Why Fund Your Long-term Care Liability with Insurance?

July 8, 2009
Connie Golleher

The largest financial risk physicians face during their retirement years is the need for long-term care because of a debilitating physical illness or cognitive impairment. Combine the spiraling costs of healthcare with the absence of proper insurance planning, and a fully funded retirement plan can be spent down very quickly.

It is important to research and prepare a comprehensive long-term care plan as part of your overall retirement plan, because the potential costs are so enormous. Nationally, the annual cost for a private nursing home is $74,208, or $203 per day—a cost that has gone up 4% a year since 2005—and continuous care in the home can carry a similar annual cost. Costs are typically much higher in large metropolitan areas. For instance, the average nursing facility stay is now $90,000 per year in the Washington, DC, area and $113,150 a year in the Boston area.

Assuming the cost of care continues to increase at the current rate, in 20 years the cost for long-term care could rise to more than $180,000 per year. The probability that you could exhaust $500,000 or more on long-term care expenditures is significant. If both spouses need long-term care, the total cost could top $1 million.

How can you best fund long-term care? The questions to ask are:

Can I “self-insure” for the liability and rely on my existing assets? For people with substantial retirement savings, it is a good idea to consider self-insuring for at least a portion of the liability. Whereas partially self-insuring is often feasible, fully self-insuring rarely is. But with the average stay in a nursing home estimated to be three years, if you were faced with an additional $90,000 of annual fixed expense for you or your spouse’s care, how much could you continue to pay without dipping into your principal?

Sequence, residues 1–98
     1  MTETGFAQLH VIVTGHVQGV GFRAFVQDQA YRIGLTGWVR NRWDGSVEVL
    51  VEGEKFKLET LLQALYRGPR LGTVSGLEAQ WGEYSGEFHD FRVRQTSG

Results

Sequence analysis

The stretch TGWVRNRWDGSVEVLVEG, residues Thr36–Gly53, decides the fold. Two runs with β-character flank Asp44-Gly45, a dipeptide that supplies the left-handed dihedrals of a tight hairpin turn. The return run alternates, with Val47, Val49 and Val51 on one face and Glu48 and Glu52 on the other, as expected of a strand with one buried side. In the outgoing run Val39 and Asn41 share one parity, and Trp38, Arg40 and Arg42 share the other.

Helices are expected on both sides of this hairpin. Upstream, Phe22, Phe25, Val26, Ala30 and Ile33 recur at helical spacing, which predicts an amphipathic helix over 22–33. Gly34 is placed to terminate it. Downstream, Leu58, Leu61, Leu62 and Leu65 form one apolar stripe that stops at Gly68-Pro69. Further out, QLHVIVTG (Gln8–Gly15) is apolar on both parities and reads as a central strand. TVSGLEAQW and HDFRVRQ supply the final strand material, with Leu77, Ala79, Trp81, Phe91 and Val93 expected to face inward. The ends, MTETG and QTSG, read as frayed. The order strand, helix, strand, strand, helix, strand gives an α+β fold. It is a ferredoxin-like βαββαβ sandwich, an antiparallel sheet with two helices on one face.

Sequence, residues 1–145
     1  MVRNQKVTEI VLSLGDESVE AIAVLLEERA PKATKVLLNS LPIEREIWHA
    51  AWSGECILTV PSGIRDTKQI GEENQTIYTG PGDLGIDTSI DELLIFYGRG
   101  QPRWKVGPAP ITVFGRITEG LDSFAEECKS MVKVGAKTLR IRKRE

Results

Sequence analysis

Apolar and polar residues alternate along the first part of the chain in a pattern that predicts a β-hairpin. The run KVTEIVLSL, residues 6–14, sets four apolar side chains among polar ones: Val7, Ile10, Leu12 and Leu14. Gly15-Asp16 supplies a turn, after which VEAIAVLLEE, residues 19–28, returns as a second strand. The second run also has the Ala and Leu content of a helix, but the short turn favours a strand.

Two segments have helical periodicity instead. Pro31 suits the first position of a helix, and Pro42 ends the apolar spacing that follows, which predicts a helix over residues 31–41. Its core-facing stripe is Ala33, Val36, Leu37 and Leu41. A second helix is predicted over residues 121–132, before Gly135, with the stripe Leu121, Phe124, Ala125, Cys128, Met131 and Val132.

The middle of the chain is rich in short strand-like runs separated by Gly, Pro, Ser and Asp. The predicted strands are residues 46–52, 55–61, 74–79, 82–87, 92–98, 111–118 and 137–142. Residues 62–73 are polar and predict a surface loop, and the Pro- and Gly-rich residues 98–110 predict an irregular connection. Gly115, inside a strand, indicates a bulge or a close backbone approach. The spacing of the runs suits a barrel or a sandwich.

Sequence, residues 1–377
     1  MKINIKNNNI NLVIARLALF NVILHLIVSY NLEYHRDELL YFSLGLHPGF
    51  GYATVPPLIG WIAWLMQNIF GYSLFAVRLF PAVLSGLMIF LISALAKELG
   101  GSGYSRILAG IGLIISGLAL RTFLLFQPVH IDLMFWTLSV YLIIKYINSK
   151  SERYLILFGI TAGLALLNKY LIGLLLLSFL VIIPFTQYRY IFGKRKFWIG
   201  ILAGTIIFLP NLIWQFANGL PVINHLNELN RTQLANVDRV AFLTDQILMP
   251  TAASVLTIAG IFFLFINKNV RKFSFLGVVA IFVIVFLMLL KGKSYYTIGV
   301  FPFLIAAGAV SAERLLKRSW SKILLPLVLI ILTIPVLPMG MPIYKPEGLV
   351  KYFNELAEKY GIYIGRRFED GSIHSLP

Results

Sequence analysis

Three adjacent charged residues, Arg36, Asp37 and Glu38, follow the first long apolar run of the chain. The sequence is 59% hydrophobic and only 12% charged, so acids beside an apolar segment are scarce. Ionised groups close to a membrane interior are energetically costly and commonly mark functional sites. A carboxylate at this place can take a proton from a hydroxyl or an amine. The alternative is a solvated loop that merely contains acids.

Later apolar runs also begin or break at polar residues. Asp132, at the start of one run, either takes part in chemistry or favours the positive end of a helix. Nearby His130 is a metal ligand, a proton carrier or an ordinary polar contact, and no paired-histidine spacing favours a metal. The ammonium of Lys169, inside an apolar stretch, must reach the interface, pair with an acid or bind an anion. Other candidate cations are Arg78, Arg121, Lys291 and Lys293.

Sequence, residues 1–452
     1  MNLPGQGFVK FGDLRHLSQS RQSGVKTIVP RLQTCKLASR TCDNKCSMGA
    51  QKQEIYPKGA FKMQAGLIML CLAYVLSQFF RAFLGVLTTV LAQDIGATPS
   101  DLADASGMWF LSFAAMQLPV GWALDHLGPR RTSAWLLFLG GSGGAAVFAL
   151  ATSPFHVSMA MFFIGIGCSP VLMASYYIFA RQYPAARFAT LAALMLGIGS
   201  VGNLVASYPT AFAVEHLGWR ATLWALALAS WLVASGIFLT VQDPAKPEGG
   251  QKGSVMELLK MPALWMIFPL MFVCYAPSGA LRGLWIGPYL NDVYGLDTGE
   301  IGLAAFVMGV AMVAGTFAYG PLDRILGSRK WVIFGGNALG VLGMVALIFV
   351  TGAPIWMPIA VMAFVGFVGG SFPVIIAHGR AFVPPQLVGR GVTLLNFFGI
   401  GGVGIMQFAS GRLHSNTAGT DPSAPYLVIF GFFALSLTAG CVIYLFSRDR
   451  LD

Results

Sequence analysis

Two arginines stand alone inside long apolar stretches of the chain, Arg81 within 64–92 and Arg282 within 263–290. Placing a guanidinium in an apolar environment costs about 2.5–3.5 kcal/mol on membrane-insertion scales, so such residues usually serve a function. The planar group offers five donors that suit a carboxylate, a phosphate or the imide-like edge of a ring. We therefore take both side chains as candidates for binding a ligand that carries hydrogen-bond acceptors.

What if I funded the liability by investing the money instead of buying insurance? If you begin saving at an earlier age, will you be able to yield enough to cover your long-term care liability? For instance, if starting at age 55 you save $5,000 annually for the next ten years, you will have at least $50,000 that you will be able to use for long-term care. That amount is not enough to cover one year of skilled care at the national average. If you were to spend that same $5,000 annually in premium for a long-term care policy, you would be able to purchase a lifetime monthly benefit of $9,000 that will increase to match inflation.

Insurance is the most effective way to fund your potential long-term care liability. Long-term care insurance is flexible, comprehensive, and affordable, and may be partially tax-deductible. It covers all levels of long-term care, including custodial, intermediate, and skilled. A plan of care can be established in a variety of settings, including your home, retirement communities, assisted living facilities, and nursing homes.

With long-term care coverage, you can protect your assets, maintain your financial freedom, receive quality care and services—and put your mind at ease.

Insurance expert Connie Golleher is chief operating officer of The Holleman Companies, an insurance-advisory firm in Chevy Chase, Md. (www.hollemanco.com). She can be reached at connie@hollemanco.com or 301-656-8689 ext. 305.